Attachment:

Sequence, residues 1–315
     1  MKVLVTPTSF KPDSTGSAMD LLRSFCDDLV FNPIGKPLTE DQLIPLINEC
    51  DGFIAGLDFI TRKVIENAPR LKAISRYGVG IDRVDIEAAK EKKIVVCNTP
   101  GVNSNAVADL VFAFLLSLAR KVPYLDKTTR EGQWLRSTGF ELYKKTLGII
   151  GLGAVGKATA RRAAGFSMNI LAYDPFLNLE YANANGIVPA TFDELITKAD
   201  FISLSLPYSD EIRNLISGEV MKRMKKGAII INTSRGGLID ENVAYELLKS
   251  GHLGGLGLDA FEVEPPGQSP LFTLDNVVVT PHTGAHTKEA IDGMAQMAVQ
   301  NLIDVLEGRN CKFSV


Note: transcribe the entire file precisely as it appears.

Sequence, residues 1–315
     1  MKVLVTPTSF KPDSTGSAMD LLRSFCDDLV FNPIGKPLTE DQLIPLINEC
    51  DGFIAGLDFI TRKVIENAPR LKAISRYGVG IDRVDIEAAK EKKIVVCNTP
   101  GVNSNAVADL VFAFLLSLAR KVPYLDKTTR EGQWLRSTGF ELYKKTLGII
   151  GLGAVGKATA RRAAGFSMNI LAYDPFLNLE YANANGIVPA TFDELITKAD
   201  FISLSLPYSD EIRNLISGEV MKRMKKGAII INTSRGGLID ENVAYELLKS
   251  GHLGGLGLDA FEVEPPGQSP LFTLDNVVVT PHTGAHTKEA IDGMAQMAVQ
   301  NLIDVLEGRN CKFSV